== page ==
You can’t hide from me, I can see you.
I know who you are.
You’re the one reading cooking blogs and magazines every day, always trying to figure out what to cook next, often getting a little perturbed at restaurants because you know you could’ve cooked your entrée just a little bit better than the chef did. You’ve purposefully sought out recipes marked “difficult”. You’ve mastered pie crust, can roast the most succulent chicken in a five-mile radius, and can roll a perfect French omelette every flippin’ time.
And you still buy canned stock.
Don’t try to hide it behind the cans of tuna or the cereal boxes; I know it’s there. Maybe you buy the wax-coated aseptic boxes, or maybe you buy the jars of stock concentrate, but we all know what’s going on.
I know, because I used to be just like you.
Yes, for years, even a culinary school graduate like me, who prides herself on her homemade everything, couldn’t be bothered to make stock. For me, the problem wasn’t the requisite 4 hours of simmering, it was the ingredient list. The very specific ingredient list. The very specific ingredient list that, if deviated from, would turn any effort into nothing but a massive waste of time.
As I was taught, and as many recipes indicate, a proper homemade stock requires the following: bones, lots of them, and all from the same kind of animal; a meticulously diced mirepoix of onions, carrots, and celery, in a perfect 2:1:1 ratio; and a bouquet garni of parsley stems, bay leaves, fresh thyme, and black peppercorns, preferably tied up in a cheesecloth bag.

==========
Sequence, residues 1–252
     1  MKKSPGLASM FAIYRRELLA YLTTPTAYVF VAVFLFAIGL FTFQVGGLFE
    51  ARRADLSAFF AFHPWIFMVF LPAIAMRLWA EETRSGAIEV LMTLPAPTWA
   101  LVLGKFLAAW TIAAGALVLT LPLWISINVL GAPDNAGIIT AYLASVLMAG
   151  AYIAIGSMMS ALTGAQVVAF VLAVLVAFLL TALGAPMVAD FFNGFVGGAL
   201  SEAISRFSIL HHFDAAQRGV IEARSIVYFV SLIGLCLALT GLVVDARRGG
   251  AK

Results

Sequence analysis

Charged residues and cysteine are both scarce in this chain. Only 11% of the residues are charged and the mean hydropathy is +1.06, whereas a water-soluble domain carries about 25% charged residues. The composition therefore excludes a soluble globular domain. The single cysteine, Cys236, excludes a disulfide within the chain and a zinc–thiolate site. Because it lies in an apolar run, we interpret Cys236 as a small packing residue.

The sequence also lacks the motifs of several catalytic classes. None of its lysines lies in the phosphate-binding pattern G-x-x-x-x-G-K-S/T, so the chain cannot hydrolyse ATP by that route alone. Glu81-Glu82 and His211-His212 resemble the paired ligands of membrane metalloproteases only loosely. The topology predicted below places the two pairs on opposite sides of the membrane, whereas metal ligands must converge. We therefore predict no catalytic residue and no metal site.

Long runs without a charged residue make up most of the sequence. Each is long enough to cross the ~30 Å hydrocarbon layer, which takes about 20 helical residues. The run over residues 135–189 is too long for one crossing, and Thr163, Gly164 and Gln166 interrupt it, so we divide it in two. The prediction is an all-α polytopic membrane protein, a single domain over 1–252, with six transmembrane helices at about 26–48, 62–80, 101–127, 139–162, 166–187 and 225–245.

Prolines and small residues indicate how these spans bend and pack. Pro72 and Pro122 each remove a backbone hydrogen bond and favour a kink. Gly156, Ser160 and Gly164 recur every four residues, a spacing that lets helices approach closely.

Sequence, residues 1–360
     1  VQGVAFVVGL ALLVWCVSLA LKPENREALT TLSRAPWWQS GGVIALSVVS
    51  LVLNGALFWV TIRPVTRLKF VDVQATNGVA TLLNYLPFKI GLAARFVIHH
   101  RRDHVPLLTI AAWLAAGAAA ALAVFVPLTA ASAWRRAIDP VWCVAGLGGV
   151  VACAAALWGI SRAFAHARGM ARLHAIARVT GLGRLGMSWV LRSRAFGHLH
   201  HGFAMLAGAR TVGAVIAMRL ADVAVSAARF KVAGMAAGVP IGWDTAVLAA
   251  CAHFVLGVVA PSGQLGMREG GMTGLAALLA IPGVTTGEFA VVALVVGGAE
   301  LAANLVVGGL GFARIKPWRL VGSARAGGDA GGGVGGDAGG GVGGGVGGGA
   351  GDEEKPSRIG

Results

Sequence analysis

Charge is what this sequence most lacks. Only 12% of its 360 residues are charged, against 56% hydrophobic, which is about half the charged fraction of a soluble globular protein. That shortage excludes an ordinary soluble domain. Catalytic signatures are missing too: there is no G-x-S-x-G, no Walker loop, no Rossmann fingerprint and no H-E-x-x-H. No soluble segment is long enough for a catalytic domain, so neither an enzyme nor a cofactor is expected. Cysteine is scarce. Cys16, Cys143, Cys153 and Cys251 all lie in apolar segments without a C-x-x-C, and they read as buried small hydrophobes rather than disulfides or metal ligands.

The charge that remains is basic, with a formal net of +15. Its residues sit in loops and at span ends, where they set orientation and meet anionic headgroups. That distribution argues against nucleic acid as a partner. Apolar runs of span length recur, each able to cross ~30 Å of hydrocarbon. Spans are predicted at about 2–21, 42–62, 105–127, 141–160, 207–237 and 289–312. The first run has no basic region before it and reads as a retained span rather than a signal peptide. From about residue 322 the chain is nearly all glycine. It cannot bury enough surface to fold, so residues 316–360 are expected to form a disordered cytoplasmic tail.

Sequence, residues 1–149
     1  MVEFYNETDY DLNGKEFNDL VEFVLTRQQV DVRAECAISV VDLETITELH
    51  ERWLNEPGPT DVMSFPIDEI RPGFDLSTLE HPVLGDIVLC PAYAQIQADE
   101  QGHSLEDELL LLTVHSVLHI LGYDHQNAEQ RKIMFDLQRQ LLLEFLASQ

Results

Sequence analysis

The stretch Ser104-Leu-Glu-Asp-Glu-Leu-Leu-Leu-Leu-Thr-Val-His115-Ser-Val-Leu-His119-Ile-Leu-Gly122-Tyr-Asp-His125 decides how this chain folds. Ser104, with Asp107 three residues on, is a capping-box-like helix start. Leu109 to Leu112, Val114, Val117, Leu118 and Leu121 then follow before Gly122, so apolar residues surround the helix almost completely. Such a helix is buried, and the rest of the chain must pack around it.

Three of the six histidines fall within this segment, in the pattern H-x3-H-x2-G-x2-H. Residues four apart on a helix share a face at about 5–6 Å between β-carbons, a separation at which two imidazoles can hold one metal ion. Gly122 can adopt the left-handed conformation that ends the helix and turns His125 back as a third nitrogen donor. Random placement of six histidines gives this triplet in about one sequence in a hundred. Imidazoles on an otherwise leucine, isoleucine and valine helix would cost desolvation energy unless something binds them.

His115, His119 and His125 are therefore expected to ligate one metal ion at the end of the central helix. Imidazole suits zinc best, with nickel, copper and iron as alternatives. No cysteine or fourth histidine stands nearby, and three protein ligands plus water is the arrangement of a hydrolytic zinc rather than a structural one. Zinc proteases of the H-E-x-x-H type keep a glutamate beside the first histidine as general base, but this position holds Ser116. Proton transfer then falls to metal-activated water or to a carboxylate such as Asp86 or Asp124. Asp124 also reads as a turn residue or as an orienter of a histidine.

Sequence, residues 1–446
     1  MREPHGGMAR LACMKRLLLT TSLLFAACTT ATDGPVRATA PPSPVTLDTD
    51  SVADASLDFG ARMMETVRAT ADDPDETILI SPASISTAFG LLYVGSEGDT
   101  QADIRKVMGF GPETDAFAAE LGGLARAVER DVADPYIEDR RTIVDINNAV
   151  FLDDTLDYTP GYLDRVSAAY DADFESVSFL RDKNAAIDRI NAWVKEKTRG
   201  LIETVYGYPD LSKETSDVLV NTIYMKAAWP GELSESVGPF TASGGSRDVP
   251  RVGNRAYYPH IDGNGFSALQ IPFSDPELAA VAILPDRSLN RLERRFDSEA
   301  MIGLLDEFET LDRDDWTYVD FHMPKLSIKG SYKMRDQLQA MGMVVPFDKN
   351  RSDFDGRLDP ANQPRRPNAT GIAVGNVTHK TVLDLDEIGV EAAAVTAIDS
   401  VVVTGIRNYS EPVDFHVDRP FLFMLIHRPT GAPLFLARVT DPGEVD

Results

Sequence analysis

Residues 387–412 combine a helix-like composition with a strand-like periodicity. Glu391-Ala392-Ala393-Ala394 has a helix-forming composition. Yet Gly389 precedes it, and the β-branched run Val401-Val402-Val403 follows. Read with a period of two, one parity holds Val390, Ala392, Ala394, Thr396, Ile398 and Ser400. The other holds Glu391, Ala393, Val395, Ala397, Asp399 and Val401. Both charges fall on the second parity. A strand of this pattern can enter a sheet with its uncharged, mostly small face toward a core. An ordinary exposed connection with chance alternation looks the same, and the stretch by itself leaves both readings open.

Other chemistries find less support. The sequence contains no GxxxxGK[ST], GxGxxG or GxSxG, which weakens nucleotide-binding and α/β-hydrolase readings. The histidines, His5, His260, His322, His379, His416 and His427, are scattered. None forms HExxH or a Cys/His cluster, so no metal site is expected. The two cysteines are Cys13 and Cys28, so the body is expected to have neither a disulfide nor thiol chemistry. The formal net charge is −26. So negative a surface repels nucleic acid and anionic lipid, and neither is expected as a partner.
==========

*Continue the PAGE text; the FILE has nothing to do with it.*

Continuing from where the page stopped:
And people, I don’t mind spending time in the kitchen, but that’s an awful lot of work for something you can just buy at the store when the need arises.
So I made sure the need would arise only rarely. I learned to quietly avoid recipes that used words like “use homemade stock if possible”. I learned which purchased stocks were the best. I lived a risotto-less, chicken-soup-less, pan-sauce-less life. I carried a twinge of shame within me that I crushed easily and repeatedly with a flippant, “That’s too much trouble.”
I’m here to tell you that it’s all a lie. Stock is easy! I am now a converted stock-maker and -freezer. And therein lies the secret: the freezer. Well, the freezer, and a plastic zip-top bag.
It struck me like a great striking thing, when I recently read on a blog (which one is now forgotten, unfortunately) that there are brilliant people out there who save vegetable scraps and trimmings in bags in the freezer, solely for the purpose of making stock. They even had a clever name for it: a stock bag. Everything goes in one bag, then into the pot when there’s enough. I’ve ambitiously saved bones before (and then very un-ambitiously thrown them away months later) , but never thought to save vegetable odds and ends.
True, it’s not a classically correct stock, and you might never get the same result twice (which I find exciting), but it’s the simplest way I’ve heard yet to keep your fridge stocked with (ahem) stock. Whenever you cut up vegetables for anything, keep the scraps. Pile them all in a freezer zip-top bag. Everything goes here, as long as it’s been washed, from onion skins, to carrot peelings, to parsley stems, to snapped-off asparagus ends.
Whenever you have them, save bones of all sorts, wrapped in foil. Even shrimp shells will make an excellent stock. The only caveat is to avoid mixing meat and fish. Pork bones and chicken bones will go together, but not so much beef bones and a grouper skeleton. Other than that, it’s as simple as simple gets.